P60 HISTOPATHOLOGICAL DIAGNOSES IN PATIENTS

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P60
HISTOPATHOLOGICAL DIAGNOSES
HYPERTENSIVE KIDNEY DISEASE
IN
PATIENTS
PRESENTING
WITH
Joslin JR, Yalamarti T, Wood SJ, Suckling RJ, Swift PA
Department of Renal Medicine, Epsom and St Helier University Hospitals NHS Trust, UK
Background
Hypertension is a recognized cause of acute and chronic kidney disease (CKD). It is also a
common complication of CKD from any aetiology. The underlying histopathological diagnoses
have not been well described in patients who present with a clinical diagnosis of hypertensive
kidney disease.
Methods
We have conducted an observational study of consecutive renal biopsies performed over a 5year period, in patients with a clinical diagnosis of hypertensive nephropathy (HN). Clinical
diagnosis of HN was determined from case notes and was agreed independently by two
nephrologists. Outcomes were the histological presence of HN, glomerulonephritis (GN) or
other kidney disease, and potential clinical predictors of HN.
Results
 53 native renal biopsies were performed in patients with a clinical diagnosis of
hypertensive kidney disease. Mean age was 49 years; 41 were male, and mean estimated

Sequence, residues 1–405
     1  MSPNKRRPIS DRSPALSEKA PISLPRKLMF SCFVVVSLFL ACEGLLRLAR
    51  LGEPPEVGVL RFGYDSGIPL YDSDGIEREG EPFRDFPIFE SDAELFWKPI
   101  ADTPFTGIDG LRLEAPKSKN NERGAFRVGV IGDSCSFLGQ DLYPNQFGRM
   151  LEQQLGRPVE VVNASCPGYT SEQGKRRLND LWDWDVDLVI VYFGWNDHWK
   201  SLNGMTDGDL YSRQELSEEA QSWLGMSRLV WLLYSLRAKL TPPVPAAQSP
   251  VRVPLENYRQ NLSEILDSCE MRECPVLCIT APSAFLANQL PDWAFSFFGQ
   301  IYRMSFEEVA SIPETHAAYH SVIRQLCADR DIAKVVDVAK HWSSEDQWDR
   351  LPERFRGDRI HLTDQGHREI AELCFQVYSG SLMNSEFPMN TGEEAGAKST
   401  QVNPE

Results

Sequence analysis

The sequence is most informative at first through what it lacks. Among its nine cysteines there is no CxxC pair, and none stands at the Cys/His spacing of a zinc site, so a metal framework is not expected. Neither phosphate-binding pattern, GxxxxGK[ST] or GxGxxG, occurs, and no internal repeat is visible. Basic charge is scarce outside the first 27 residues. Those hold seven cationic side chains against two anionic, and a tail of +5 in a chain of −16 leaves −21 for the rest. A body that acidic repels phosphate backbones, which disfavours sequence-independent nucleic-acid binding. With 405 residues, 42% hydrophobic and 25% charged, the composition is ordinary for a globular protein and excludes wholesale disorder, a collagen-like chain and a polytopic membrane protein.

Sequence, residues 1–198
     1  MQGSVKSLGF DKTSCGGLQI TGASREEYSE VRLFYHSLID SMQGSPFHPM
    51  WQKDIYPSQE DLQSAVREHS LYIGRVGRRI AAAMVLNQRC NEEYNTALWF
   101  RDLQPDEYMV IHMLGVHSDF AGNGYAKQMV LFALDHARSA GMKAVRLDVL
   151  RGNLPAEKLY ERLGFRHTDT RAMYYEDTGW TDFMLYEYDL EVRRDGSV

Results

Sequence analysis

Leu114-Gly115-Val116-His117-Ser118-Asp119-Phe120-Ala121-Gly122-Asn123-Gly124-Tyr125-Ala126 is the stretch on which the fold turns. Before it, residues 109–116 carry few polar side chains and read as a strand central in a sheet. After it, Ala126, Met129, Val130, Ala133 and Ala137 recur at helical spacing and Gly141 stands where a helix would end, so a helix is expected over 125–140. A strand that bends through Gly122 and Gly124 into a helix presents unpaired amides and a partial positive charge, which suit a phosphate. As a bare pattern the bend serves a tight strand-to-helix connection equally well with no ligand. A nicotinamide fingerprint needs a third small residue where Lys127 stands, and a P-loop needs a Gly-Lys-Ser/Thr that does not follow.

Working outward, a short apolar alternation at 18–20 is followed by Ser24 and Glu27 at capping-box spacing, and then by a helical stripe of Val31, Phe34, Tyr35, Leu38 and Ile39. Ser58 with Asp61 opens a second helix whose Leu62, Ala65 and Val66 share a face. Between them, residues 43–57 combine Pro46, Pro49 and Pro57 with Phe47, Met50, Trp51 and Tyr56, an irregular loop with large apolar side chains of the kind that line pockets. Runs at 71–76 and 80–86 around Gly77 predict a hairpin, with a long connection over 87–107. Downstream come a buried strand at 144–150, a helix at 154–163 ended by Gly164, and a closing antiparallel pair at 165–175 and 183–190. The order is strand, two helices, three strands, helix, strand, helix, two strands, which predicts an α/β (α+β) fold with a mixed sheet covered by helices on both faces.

Glomerular Filtration Rate (eGFR) was 23 mls/min/1.73m2.
Probable Underlying Diagnosis Based on Histological Findings
Hypertensive nephropathy
Glomerulonephritis
IgA nephropathy
FSGS
Diabetic nephropathy
Microangiopathic process / HUS
Inadequate tissue
Chronic damage, no specific etiological features
Cases
29
16
10
6
1
1
2
4
 18/53 (34%) had a documented urinary protein-creatinine ratio (uPCR) >300mg/mmol.
This cohort were equally as likely to those with uPCR <300mg/mmol to have a nonhypertensive histological diagnosis (p=0.512).
 37/53 (70%) had documented haematuria > 1+ on dipstick. 16/37 (43%) of this cohort had
a non-hypertensive histopathological diagnosis, compared to only 1/11 (9%) of those with
1+ or less haematuria on dipstick, suggesting that the presence of haematuria may make a
non-HN diagnosis more likely (p=0.0697).
 11/53 (21%) presented with accelerated hypertension. On biopsy 6/11 (55%) had
confirmed HN and 5/11 (45%) had GN (2 IgA nephropathy, 3 FSGS).
 45/53 (85%) had no post-procedure complications. 5/53 (9%) patients had minor bleeds,
and 1/53 (2%) had a major bleed requiring renal arterial embolisation. 2 of the
complications (1 major, 1 minor) were in patients with accelerated hypertension.
Conclusions
Native renal biopsies performed in patients with a clinical diagnosis of hypertensive kidney
disease showed histological evidence of HN as the primary diagnosis in only 55% of cases.
Similar results were seen in the small sub-group who presented with accelerated hypertension,
in whom the procedural complication appeared to be higher. Urinalysis and quantification of
proteinuria did not predict histological diagnosis. Kidney biopsy should be considered in
individuals who present with hypertension and kidney damage.
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